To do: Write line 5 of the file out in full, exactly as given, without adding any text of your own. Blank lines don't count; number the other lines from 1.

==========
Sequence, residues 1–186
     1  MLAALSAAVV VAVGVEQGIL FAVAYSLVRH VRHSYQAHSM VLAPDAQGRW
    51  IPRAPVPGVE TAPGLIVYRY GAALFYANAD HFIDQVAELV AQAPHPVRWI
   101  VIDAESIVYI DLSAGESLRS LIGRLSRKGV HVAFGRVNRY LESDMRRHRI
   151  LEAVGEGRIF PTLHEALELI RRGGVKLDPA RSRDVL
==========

   151  LEAVGEGRIF PTLHEALELI RRGGVKLDPA RSRDVL